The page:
Obesity is a global pandemic of enormous medical, economic, and social concern affecting a significant portion of the world's population. The consequences of obesity in human can be severe and there is increasing evidence linking obesity to diabetes, heart disease, and hypertension. The knowledge and the exact identity of genes that act together in fat metabolism could speed discovery of the molecular causes of and therapies for obesity. Studies in our lab focus on Kruppel-like family of transcription factors, KLFs. We demonstrate that a member of this family, klf-3 is one of the important regulators of two key processes in lipid metabolism; fatty acid b-oxidation and lipoprotein assembly and transport. Our efforts include investigation of how klf interacts with lipid metabolism regulatory machinery, characterization of specific pathway targets, and genetic manipulation of these targets to better understand the pathology of excess fat accumulation in human. Identifying the defined mechanisms by which various pathways coordinate and interruption in these pathways may result in abnormal metabolic regulation is a major area in obesity research. Given the significance of excess body fat accumulation to human health, our primary objective is to identify and characterize signaling molecules that are involved in fat storage. Our project is altogether pre-clinical, yet the science is very elaborate and promising. All efforts to get to the root of obesity should be pursued, including our studies on mammalian Kruppel-like family of transcription factors, KLFs. Our on-going project has a significant implication for diabetes, obesity and cardiovascular disease.
Mammals have developed a mechanism to store excessive amounts of energy substrates in the form of intracellular triglyceride (TG) deposits in lipid droplets, which are most prominent in mammalian adipose tissues; the major storage site for fat. During starvation, TG is hydrolyzed into fatty acids (FAs) to provide energy. Breakdown of fatty acyl-CoAs to acetyl-CoA occurs via beta-oxidation enzymes, where several parallel pathways with intersecting substrate specificities are used. We take advantage of the availability of Caenorhabditis elegans models, its genomic databases, and the availability of mutants associated with fat metabolism in order to understand the complexity of fat metabolism. We found that many metabolic genes are potential targets under the control of klf-3. Klf-3 mutations cause accumulation of enlarged, neutral lipid rich intestinal droplets; however, it does not change the normal feeding behavior of the mutant animal. The KLF-3 activity appeared to be necessary for maintaining the normal expression of enzymes that are essential in FA synthesis and mitochondrial or peroxisomal b-oxidation pathway and may therefore modulate these processes that mediate lipid metabolism. Our results also suggest that klf-3 may contribute in normal reproductive behavior and fecundity. To reconcile with these seemingly unrelated phenotypes of lipid utilization and reproductive behavior in klf-3 mutants, we are examining the mechanistic basis of klf-3 regulation of FA b-oxidation and elucidate how this pathway intersects reproduction.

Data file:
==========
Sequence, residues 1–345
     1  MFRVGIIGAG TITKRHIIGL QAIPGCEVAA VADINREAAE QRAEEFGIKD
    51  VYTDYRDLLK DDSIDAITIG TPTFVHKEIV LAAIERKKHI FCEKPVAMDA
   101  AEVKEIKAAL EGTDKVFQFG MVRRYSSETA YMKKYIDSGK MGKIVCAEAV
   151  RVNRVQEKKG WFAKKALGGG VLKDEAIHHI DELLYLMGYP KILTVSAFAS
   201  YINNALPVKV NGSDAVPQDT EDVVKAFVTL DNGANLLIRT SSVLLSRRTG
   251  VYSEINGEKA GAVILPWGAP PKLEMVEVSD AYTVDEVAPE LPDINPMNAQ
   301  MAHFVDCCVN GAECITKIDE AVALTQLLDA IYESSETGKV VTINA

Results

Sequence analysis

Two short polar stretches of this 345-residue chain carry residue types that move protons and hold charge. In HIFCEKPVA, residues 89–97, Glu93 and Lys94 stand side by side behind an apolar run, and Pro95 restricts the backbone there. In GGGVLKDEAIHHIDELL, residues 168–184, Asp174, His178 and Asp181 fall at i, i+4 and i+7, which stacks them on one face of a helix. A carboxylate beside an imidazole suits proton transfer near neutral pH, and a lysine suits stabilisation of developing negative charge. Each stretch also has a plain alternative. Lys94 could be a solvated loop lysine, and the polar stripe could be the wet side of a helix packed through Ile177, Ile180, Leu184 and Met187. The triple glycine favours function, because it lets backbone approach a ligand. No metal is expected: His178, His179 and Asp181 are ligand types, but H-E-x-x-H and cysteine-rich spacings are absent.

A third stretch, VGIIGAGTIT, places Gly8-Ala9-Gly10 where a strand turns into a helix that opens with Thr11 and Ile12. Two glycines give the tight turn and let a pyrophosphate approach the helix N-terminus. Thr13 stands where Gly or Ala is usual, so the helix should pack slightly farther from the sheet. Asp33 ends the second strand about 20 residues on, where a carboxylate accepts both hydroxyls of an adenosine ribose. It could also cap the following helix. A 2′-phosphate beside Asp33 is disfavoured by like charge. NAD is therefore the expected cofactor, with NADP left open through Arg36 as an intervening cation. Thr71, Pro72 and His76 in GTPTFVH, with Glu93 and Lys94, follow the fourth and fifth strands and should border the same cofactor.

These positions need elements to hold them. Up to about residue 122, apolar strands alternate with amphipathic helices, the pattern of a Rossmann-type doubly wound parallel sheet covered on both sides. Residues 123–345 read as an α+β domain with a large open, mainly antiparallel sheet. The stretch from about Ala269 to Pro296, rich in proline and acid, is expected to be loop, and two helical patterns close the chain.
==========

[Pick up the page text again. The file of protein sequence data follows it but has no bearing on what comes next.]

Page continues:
The next question we address is the role of klf-3 in lipoprotein assembly and transport